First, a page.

The end result was significant: a $110 million Series D funding round at a $1.2 billion valuation.
- ‘Company culture’ isn’t just a buzzword. To some, it may come off as a cliche, but building a strong company culture is a real and tangible thing that helps make any business more valuable. For us, this meant rolling out a series of virtual events to keep our employees engaged during what was an otherwise very isolating time. We also made proactive efforts to help our team members keep stress levels down while we were all working remotely. Living through the pandemic was stressful enough on its own, so we wanted to do whatever we could to help minimize work-related stress.
- When in doubt, lean in on technology. COVID-19 taught us many things, but for accounting teams, in particular, one of the biggest takeaways was that innovative solutions to improve communication, organization, and transparency are vital. Our strategy during the pandemic was to lean into these solutions, which made us realize that team members could be just as efficient working remotely — with the right tools — as they were in the office. We came across similar stories among our customers as well. While it would make perfect sense that the sudden shift to work-from-home policies would cause tedious and time-consuming tasks such as the monthly financial close to slow down, many of our customers were actually able to shave hours or even days off this process by smartly implementing our solutions. This not only helps build morale among teams because it minimizes mundane activities, but it also frees up hours that team members can use to focus on more strategic and rewarding tasks.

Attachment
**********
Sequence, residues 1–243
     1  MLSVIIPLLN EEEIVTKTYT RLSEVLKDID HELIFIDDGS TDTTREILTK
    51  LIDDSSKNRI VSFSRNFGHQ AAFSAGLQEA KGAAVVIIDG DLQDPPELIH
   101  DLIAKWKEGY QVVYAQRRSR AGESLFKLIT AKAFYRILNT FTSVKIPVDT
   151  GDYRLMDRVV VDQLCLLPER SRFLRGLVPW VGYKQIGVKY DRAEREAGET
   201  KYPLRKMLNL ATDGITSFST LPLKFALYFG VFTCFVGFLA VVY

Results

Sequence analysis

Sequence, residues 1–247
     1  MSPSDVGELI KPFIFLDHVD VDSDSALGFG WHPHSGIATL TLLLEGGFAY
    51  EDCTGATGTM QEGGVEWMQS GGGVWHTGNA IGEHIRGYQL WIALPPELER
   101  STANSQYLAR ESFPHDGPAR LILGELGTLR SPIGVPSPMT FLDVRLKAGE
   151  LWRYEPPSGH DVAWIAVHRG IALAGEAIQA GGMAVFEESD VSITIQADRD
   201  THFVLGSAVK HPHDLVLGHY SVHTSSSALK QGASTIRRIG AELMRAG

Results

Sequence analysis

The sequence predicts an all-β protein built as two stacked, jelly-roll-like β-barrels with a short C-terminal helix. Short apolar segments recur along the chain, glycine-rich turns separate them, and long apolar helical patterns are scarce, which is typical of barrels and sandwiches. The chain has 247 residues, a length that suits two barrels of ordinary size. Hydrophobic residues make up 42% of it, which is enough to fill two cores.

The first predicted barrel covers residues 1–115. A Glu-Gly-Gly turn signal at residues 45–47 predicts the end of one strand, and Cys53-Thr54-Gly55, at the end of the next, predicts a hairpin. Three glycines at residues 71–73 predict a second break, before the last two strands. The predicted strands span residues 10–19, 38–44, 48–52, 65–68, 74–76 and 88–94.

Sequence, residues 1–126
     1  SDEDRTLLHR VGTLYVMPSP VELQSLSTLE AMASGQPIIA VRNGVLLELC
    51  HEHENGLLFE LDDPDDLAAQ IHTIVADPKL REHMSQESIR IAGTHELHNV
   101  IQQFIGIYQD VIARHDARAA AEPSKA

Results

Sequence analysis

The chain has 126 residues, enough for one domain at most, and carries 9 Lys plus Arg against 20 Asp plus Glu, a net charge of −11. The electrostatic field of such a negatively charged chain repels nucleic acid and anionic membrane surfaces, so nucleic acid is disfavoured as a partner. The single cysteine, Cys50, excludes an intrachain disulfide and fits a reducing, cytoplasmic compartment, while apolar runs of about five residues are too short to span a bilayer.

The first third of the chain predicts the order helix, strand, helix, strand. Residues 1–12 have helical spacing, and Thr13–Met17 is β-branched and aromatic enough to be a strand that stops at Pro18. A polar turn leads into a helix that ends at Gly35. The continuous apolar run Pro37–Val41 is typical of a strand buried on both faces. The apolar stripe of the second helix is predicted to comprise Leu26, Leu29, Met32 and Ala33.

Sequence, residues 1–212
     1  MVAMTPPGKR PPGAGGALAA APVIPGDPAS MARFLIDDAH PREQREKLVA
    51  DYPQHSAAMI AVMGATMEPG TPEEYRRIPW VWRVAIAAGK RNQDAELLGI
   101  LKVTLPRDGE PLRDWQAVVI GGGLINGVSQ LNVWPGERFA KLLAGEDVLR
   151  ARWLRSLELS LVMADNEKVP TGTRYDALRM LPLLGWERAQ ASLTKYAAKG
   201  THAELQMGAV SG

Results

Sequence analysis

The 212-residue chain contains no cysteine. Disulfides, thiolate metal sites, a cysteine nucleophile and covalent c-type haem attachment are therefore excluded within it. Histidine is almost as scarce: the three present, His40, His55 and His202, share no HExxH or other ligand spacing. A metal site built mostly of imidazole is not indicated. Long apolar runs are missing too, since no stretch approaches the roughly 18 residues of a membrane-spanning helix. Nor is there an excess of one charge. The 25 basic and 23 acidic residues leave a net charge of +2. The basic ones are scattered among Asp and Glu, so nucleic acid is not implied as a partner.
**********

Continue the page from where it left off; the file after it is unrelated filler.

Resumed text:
At the end of the day, speed is not the most important element of fundraising. It’s perfectly acceptable to be picky about choosing which investors to work with. To be sure a company selects the right partners, a lot of research needs to happen on the back end, including back-channel references and conversations with CEOs the investors have worked with in the past. The aim is a better understanding of how the investors work, their market reputation, and how your board will respond to them.
For us, successfully fundraising, growing the business, and maintaining a strong culture throughout the pandemic was possible thanks to a few core values that are truly integrated into the company’s DNA. We’re built on trusting and valuing our people, committing to providing an excellent product and user experience, and intentionally choosing investors who align with these beliefs. You can’t predict when a pandemic-level event will happen, of course, but I believe it’s these core values that helped us continue to grow over the past year-plus, and can help other startups continue their growth trajectories if and when they face challenging times.